Leading these two characters is the direct responsibility of the player, yet having these characters lead NPCs quickly becomes your primary responsibility. From level to level, you generally have a simple goal in mind, getting from point A to point B, but some levels require you to rescue two different creatures: Mudokens, the same species as Abe, and Fuzzles, adorable little fuzzy spheres, which only Munch can communicate with after he saves them. Both Munch and Abe have their own amounts of “spooce” which are little watermelon things you find on the ground. These can be spent upgrading Mudokens to being more capable fighters, to open doors, etc. Also, Abe can regenerate spooce. There are a lot of little bullet points in this game.
For example, you may have to get over a body of water to rescue a Mudoken, but only Munch can swim. Unfortunately, only Abe can lead Mudoken and throw them around. Meanwhile you need to get Munch up a level that only Abe can reach. Working through these types of puzzles can be very rewarding and also frustrating while trying to figure out the best time to use the game mechanics. What’s done well is the slow-drip paced timing that these gameplay mechanics are introduced. It’s also easy to forget how to play this game if you take a few days off playing something else.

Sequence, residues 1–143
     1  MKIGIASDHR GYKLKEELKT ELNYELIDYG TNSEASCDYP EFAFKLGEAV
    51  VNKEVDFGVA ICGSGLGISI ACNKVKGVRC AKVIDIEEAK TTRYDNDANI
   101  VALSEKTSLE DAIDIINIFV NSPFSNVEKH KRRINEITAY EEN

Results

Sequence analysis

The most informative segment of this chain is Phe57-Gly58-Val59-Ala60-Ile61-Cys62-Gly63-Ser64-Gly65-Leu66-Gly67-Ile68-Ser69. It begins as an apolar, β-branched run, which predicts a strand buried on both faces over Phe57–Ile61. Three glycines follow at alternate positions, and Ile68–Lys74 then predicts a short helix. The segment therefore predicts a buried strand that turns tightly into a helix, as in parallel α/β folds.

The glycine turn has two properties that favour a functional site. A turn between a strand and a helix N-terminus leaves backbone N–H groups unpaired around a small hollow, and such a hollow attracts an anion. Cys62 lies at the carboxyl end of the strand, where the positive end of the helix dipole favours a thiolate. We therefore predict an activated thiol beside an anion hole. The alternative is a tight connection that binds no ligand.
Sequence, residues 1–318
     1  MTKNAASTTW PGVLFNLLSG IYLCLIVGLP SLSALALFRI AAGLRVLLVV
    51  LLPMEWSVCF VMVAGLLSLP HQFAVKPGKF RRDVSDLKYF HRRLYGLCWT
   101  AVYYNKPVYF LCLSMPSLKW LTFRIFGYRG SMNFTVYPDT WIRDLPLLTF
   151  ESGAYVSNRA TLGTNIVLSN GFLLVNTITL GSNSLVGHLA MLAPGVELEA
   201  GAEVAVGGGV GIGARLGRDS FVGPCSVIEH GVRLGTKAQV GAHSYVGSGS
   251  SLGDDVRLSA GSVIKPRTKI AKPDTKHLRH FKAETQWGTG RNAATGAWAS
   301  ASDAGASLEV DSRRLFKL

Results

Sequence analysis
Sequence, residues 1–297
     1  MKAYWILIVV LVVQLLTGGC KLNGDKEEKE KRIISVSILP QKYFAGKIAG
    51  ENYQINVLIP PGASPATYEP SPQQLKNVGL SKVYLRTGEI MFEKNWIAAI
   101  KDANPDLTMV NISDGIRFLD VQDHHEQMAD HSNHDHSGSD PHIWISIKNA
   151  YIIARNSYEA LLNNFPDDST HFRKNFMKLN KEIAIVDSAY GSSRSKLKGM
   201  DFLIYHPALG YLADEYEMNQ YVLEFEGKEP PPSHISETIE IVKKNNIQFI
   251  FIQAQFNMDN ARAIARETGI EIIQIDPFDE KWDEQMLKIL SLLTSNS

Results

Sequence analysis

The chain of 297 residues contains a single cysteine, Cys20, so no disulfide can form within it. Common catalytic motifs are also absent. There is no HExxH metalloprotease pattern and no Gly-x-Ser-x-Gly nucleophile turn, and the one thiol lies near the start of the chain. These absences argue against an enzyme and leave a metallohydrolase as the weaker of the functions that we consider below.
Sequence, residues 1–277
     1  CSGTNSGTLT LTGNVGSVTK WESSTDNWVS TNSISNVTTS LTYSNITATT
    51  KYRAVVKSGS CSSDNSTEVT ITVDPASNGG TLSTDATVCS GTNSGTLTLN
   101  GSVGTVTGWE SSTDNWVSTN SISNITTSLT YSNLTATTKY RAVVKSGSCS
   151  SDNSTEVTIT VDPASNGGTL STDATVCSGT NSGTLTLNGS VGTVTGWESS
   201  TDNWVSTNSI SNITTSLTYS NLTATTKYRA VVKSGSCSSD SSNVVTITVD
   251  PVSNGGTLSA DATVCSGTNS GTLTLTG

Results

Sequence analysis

You also have so many things to save, and it might sound like the longest follow quest in the history of gaming, and nobody likes those. Luckily, the AI is pretty decent, and the NPCs you rescue and lead handle themselves in a relatively predictable manner. Of course, you’ll lose the occasion Fuzzle or two, but it won’t do much to hurt your Quarma, the in-game karma system that can alter the end-game.
Confused yet? There are a lot of elements to Oddworld in conversation, but it is all introduced at what I find to be a decent pacing. All of these things together adds a big potential for complexity and it shows in the level design.
All in all, there are 25 levels, and some of them can take quite a while. It is also possible for you to “break” a level by doing something out-of-order, and be forced to start all over again. No joke, it took me over an hour to beat a single level after I repeated the same mistake twice. But, despite some tough-to-wrangle control schemes, the average level takes about 20 minutes to a half hour.